The Malayan Tiger
In 2010, at the Tiger Summit in St Petersburg, Malaysia and the 12 other tiger range countries committed to the most ambitious and visionary species conservation goal ever set: TX2 – to double wild tiger numbers by 2022, the next year of the tiger.
WWF-Malaysia has a long history of tiger conservation and is proud to be an essential part of TX2 through its Malayan Tiger Conservation Project.
There are six remaining living sub-species of tiger:
Amur tiger (P. t. altaica)
Bengal tiger (P. t. tigris)
Indo-Chinese tiger (P. t. corbetti)
Malayan tiger (P. t. jacksoni)
South China tiger (P. t. amoyensis)
Sumatran tiger (P. t. sumatrae)
Physical and species description
The tigers’ stripes are like finger prints; no two tigers have the same stripe pattern. With round pupils and yellow irises, the night vision of tigers is six times better than that of humans. Coupled with their short heavily muscled forelegs and long, sharp, retractable claws, this makes them the ultimate predator. The mark of the Chinese character Wang (meaning king) sits on their forehead. Predominately solitary except for maternal bonding and during mating, tigers occupy territories that they defend against same-sex intruders. These carnivorous mammals instinctively avoid human beings and will only attack people if they are provoked, injured or unable to hunt for their usual food.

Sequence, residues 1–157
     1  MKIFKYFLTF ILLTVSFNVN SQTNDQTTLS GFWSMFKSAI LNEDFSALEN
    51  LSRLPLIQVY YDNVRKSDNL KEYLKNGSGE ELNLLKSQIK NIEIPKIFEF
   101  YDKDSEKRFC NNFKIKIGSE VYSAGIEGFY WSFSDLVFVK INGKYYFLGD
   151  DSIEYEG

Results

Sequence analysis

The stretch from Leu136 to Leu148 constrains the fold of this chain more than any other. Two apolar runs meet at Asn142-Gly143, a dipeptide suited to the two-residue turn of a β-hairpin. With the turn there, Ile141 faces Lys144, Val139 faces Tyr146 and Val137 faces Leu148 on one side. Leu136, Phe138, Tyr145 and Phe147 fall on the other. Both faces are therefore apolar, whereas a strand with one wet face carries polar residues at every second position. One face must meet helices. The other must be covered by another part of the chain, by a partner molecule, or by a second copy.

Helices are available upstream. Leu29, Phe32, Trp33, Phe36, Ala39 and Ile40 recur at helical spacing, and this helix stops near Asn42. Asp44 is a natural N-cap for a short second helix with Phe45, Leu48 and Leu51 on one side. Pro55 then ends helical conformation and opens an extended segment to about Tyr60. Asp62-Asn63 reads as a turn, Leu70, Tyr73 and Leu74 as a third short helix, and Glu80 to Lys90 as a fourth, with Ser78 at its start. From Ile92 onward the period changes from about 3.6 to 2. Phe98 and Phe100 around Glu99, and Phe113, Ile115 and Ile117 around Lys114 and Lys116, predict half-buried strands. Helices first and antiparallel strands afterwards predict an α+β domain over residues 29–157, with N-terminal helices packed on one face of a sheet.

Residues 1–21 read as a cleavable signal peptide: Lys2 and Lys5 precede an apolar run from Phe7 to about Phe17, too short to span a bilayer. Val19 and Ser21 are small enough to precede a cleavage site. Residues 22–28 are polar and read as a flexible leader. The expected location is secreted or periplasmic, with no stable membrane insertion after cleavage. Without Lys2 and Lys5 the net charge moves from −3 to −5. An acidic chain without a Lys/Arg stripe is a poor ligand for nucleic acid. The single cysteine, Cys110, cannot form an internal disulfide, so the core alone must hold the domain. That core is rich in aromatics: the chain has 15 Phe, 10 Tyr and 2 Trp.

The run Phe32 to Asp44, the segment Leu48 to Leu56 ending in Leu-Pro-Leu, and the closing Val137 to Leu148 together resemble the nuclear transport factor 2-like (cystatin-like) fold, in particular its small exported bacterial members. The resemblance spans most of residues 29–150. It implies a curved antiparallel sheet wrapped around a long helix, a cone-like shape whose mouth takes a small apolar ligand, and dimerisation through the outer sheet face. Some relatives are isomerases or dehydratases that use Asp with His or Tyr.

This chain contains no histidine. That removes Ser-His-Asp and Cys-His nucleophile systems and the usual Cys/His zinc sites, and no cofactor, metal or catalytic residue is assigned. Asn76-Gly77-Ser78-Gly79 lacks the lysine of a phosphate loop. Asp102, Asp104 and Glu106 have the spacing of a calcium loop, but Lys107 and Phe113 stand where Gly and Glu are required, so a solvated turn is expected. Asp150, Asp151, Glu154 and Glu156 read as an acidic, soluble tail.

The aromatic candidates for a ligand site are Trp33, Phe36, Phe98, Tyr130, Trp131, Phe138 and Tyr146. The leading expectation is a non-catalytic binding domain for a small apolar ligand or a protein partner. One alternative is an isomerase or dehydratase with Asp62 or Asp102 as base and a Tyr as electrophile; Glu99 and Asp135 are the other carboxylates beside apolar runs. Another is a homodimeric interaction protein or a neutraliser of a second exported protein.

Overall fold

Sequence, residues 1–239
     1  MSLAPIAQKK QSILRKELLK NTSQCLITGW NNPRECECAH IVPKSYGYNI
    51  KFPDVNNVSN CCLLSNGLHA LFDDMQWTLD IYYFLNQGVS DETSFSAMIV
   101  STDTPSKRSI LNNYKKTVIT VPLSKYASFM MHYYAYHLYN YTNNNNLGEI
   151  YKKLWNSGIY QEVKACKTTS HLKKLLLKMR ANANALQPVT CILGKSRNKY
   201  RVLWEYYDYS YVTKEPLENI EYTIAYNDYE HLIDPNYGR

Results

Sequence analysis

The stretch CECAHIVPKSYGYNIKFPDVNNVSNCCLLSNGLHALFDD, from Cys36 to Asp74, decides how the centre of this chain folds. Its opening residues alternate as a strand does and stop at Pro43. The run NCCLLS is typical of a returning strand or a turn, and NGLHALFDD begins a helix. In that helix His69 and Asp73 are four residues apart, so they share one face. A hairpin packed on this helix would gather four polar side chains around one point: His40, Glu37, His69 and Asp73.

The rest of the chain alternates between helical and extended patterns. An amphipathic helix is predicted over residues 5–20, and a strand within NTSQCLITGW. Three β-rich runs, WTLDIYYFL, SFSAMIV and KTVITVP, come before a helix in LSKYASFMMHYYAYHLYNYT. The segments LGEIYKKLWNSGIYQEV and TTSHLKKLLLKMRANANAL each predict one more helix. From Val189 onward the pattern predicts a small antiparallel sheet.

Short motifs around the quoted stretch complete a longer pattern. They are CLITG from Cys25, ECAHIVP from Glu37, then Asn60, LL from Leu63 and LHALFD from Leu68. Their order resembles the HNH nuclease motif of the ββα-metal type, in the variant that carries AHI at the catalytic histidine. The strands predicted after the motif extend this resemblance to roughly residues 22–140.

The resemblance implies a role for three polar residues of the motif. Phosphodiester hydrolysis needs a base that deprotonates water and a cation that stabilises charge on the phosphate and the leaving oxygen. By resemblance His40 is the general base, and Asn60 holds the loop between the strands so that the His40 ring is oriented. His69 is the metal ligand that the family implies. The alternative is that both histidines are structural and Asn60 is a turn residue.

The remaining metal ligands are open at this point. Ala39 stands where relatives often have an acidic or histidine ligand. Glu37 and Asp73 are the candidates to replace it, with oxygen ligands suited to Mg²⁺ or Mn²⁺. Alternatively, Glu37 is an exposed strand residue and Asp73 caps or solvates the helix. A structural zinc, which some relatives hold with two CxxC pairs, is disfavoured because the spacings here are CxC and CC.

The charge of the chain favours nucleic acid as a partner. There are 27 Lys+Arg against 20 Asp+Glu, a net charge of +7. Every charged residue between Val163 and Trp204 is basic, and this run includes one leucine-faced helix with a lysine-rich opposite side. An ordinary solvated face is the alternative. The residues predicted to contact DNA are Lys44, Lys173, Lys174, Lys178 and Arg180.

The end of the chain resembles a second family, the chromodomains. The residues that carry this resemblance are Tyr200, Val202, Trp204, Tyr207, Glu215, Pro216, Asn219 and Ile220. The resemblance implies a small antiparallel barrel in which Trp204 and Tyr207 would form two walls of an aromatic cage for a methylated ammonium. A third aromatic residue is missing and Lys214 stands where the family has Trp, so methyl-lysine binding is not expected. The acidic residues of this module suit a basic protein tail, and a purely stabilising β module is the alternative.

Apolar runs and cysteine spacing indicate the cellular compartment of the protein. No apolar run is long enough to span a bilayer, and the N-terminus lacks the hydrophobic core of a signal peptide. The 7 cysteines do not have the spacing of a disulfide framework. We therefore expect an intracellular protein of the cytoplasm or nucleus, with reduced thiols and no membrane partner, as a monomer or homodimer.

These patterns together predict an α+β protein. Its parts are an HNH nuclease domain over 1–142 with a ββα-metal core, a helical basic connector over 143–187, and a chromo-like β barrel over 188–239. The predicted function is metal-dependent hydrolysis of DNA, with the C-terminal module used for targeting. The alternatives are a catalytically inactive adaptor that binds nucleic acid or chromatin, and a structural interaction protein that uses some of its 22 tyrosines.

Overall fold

There are probably more tigers on the shelves of pharmacies and medicine stores than in forests, as tigers are widely hunted and every single part of their bodies is dissected for use in traditional Asian medicine. Tiger bones, believed to contain high medicinal properties, are popular on the black market in Asia. However, there is no scientific basis to prove this claim.
The Malayan Tiger
The Malayan tiger is listed as Endangered under the IUCN Red List and is Totally Protected under Malaysia’s Wildlife Conservation Act 2010, in which offenders can be fined up to RM500,000 and incur a mandatory jail sentence. It is also listed on Appendix I of CITES (species threatened with extinction), in which trade is prohibited except in exceptional circumstances (e.g. zoos are allowed to undergo the trading process under certain conditions).